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Old 01-01-2010, 01:27 PM   #15
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Freeze thaw cycle makes no sense in this case. Freeze thaw is a problem that applies to silty soils, whereby the silt soil expands when moisture in it freezes. The expansion of the soil causes all sorts of problems with foundations, including shifting, cracking and displacement.

In your case, you said that you are on rock, which is NOT subject to freeze thaw. Neither is the sand you would place above the rock, since it is free draining. If you are on silty soil where you are planning to put the patio, a concrete slab has the same problems (worse really) than a dry laid flagstone patio, since the concrete is subject to cracking and displacement if the silty soil underneath undergoes freeze thaw cycles.

If you are on silty soil, then the contractor would need to excavate the poor soil down at least two feet, and replace with crushed stone. coarse sand, or similar free draining structural fill in order to prevent frost heave damage to the slab. You would need to do something similar, although not quite as deep, if you dry lay the flagstones. The reason you can afford to go less deep with soil improvement in the dry laid condition is that dry laid stones are less subject to damage from frost heave, since each stone can move around independently, as opposed to a slab, which is going to crack if it heaves.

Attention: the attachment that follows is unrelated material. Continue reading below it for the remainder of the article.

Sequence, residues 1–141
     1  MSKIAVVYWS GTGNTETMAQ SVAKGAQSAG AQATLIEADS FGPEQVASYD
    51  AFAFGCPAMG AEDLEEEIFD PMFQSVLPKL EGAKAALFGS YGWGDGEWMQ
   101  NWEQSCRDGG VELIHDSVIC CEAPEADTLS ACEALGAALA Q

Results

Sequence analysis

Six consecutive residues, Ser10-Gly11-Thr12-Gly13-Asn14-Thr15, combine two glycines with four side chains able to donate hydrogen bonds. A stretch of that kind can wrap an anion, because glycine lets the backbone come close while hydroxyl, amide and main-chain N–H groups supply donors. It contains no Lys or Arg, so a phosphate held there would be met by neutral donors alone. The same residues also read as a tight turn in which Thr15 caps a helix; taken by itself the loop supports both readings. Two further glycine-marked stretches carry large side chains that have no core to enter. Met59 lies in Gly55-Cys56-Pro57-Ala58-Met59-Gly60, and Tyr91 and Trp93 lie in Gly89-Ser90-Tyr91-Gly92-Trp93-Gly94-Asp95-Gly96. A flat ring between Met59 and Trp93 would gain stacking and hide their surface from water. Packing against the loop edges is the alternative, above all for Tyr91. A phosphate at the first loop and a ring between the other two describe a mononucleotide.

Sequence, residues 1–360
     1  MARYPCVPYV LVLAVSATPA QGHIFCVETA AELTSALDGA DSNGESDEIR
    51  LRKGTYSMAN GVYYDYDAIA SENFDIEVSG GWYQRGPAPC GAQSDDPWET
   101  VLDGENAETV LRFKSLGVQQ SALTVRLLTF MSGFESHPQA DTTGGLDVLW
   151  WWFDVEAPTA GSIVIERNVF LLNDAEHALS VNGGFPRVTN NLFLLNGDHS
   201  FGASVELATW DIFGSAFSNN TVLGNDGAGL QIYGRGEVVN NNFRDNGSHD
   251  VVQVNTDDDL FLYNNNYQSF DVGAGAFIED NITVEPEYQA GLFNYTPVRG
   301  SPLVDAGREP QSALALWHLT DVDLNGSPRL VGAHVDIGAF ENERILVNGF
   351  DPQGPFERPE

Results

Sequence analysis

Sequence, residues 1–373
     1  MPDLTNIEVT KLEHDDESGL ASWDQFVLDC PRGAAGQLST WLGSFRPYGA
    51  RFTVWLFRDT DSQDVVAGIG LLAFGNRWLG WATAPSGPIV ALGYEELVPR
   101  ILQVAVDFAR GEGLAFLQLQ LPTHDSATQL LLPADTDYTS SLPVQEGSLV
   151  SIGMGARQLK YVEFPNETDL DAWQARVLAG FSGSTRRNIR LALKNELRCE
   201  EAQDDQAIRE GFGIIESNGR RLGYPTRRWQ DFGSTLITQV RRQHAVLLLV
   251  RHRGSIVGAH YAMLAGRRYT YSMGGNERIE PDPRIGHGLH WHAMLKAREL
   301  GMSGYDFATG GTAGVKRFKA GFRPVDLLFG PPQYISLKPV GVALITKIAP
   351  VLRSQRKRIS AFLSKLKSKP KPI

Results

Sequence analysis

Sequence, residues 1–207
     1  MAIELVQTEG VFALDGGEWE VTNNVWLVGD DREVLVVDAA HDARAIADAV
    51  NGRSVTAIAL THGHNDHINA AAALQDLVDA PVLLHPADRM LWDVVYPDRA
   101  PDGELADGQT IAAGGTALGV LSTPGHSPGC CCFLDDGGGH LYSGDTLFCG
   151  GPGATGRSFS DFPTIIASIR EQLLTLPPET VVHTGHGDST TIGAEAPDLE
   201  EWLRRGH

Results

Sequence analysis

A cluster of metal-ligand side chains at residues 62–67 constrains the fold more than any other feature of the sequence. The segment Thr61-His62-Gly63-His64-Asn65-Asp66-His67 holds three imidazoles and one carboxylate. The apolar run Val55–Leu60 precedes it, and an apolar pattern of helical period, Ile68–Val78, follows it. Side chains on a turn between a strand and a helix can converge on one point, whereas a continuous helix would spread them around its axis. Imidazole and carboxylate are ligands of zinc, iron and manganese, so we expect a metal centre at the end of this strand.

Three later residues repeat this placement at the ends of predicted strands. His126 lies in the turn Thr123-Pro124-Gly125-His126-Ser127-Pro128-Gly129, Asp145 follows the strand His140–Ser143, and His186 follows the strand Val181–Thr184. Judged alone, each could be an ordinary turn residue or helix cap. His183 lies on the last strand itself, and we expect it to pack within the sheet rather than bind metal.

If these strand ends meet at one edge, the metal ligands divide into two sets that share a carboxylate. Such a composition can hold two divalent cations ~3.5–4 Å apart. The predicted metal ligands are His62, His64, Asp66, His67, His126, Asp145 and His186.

In fact, some people build dry laid on 4 inches of sand directly above frost susceptible soil, and simply relay the stones every few years as they shift. This avoids the need to excavate and replace poor soil.

In short, I see absolutely no advantage to the concrete slab solution, only high cost and potentially poor results. If you are on poor soil, the contractors should have explained their methods for coping with the soil, if you are on rock then you still need about four inches of sand to bed the concrete in, since concrete placed directly on rock is subject to cracking due to point loading of the rock on the concrete.